As Jonathan was saying, we want to break that content into smaller chunks. I love the concept of quotables and that’s something we’ll definitely be adding to our social media approach as well. Thinking about micro-content and blog posts, you’ll want to include a Call to Action pointing readers to that podcast. You can also include a CTA for something non-podcast related such as our current drive to have people focus on our downloadable ‘Guide to Web Copy’.
One thing to also think about is internal linking opportunities to the other blog posts you create. For example, let’s say your 30-minute podcast has three main points and you’re breaking them into three individual blog posts. Considering creating internal linking opportunities between these three blog posts.
From an SEO standpoint, let’s say we’ve published three posts and one really takes off. You can prop up the other blogs with your successful blog’s authority. People might use the term SEO juice here, but I personally don’t like the thought of SEO with juice.
Either way, we can build this authority around other posts. Therefore, when one post takes off and people are sharing it, your internal link connecting these posts will spread some of that authority. Consequently, this also spreads authority to the podcasts and any other things you’re mentioning that have to do with your service offering, or previous blog posts.
We’re not going to talk about distribution in too much detail. The simple fact remains that when you create the piece, you want to get it out there and we need to understand that distribution doesn’t stop the day you release it – it’s an ongoing process. We like to use the tool Google Trends to determine when things are popular. Thanks to COVID, the trend of volume spikes and whatnot have certainly been thrown off. Generally speaking, you can use Google Trends to get an idea of seasonality, or when things become very important. For example, come February and March, there will be a noticeable uptick in conversations about taxes.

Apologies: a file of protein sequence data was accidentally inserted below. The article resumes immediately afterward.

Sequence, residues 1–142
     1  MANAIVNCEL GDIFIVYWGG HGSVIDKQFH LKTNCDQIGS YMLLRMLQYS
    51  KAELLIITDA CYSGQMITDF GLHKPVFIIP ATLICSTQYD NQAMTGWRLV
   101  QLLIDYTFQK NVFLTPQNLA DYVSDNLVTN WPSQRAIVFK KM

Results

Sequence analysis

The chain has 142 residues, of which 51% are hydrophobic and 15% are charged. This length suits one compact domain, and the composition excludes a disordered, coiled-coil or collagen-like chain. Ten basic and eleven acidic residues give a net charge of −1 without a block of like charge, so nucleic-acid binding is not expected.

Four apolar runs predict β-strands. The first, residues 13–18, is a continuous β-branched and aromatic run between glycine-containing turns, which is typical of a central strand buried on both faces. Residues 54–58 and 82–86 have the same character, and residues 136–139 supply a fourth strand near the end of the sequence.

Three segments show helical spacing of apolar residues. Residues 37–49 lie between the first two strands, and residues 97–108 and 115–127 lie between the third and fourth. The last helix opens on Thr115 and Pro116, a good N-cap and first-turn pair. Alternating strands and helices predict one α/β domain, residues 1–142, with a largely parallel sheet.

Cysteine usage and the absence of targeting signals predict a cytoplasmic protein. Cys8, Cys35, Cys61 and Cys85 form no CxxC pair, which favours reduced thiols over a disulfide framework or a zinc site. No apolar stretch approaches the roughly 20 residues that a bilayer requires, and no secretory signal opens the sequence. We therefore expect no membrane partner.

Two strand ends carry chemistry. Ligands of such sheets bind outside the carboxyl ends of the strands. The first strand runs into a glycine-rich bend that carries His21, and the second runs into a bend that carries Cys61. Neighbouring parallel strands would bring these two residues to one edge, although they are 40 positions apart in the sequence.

Jonathan from Podstarter:
One of the biggest challenges with most podcasters is growing an audience and expanding your reach. From a podcast standpoint, half the time is spent in building the podcast, the other half is in marketing and promotion, trying to grow that audience. And that’s a stumbling block for most podcasters – trying to break through, and understanding who that audience is. How do you reach that audience? Key marketing elements is really where an SEO dialogue fits really well on that growth strategy.
Want to learn more?
For the finer details on keyword research and creating web content download our MacMillan Search Guide to Web Copy. It’s built from our experience directing companies to create content with SEO in mind. It’s very, very geared towards SEO, but it will help anybody who’s creating content. If you’re looking for experts in creating podcasts don’t forget to visit Jonathan’s company website Podstarter.io for everything they have to offer. Thanks to our sponsor Digital Nova Scotia and Rochelle Roberts for joining us at SEO Brunch to discuss creating podcasts informed by SEO research.
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Michael is an SEO consultant focused on B2B SaaS and service companies. He built his first website in 1996 and was a working professional in the digital world by 1999. In 2009, he transitioned to SEO. Since then he has worked in specialist and leadership SEO roles both in-house and in agencies. As a consultant, he empowers teams to consider organic search in all strategies. He knows his stuff and he can help your team improve their SEO game.